PNG must advance its political system

Letters, Normal

The National, Friday, April 29, 2011

THE  essence of the problem faced by those who want change is that, to be successful in the long term, any Papua New Guinea political solution must be home grown.
That being so, the dilemma might be enunciated as: “Where do you get the experience in governing a country without experience?”
Clearly, with the benefit of hindsight, either the government structures bequeathed to the nation at independence were not suitable or those who took over were not sufficiently qualified.
If PNG wants to move forward, the question is how to achieve this.
Prime Minister Sir Michael Somare has gone on record to suggest PNG should “look north”.
Was this to thumb his nose at Australia?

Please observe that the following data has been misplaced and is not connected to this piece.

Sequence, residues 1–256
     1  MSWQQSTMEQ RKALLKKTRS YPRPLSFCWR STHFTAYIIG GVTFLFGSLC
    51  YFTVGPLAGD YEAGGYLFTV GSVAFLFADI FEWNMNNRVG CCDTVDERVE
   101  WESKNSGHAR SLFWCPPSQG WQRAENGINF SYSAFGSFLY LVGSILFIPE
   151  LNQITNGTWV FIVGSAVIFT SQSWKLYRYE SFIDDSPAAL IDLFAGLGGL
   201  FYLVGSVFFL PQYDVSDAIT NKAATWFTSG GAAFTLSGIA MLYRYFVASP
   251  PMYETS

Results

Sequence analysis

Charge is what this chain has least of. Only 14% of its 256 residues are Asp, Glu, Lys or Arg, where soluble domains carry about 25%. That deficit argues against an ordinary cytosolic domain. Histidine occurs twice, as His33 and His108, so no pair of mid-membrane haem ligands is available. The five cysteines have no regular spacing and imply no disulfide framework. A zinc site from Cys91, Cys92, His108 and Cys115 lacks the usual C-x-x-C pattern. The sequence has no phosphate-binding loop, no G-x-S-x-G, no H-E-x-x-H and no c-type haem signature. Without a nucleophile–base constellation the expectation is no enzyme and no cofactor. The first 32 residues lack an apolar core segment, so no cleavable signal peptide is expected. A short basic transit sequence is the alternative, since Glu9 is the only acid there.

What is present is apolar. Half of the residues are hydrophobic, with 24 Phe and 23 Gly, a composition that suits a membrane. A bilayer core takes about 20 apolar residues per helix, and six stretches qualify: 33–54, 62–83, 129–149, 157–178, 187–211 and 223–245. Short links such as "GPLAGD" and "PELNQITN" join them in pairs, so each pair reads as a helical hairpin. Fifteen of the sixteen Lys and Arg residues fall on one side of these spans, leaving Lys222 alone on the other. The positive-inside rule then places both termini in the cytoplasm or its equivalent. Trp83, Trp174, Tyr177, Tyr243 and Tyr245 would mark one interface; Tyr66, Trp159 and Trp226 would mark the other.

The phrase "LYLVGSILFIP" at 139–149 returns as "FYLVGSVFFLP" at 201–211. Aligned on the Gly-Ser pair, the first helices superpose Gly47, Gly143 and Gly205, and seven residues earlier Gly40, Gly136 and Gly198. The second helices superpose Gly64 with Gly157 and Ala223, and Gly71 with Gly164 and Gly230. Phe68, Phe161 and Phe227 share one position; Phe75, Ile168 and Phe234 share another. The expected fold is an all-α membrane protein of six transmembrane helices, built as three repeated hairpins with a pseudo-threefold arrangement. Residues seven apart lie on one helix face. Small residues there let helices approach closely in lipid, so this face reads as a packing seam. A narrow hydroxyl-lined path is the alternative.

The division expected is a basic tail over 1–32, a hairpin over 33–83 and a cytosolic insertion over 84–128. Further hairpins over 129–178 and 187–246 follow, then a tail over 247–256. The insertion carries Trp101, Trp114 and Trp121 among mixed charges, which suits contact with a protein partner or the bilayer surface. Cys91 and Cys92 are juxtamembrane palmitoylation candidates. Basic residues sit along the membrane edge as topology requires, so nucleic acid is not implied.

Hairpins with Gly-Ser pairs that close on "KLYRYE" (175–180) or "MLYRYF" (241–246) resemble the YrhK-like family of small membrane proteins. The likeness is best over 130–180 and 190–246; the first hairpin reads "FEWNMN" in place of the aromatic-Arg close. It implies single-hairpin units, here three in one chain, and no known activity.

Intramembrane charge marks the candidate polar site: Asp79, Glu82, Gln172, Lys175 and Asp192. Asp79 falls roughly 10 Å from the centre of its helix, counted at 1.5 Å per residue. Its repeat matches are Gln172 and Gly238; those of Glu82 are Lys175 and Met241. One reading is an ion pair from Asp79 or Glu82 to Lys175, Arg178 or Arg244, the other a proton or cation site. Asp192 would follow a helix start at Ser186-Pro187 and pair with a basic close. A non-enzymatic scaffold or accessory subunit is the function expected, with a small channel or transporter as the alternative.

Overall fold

Over the past decade, Australia’s assistance had made a number of false starts (read ECP especially among others) and PNG seems to be slowly learning from previous mistakes.
There are many people who know what to do and how to manage a country efficiently and effectively.
Many would have gladly helped if asked.
The crux of the issue is to have a parliament and prime minister which are accountable and serve the people in an apolitical manner.
Until the PNG political system advances past the “big man” complex, the current malaise of corruption appears to be en­trenched.


Paul Oates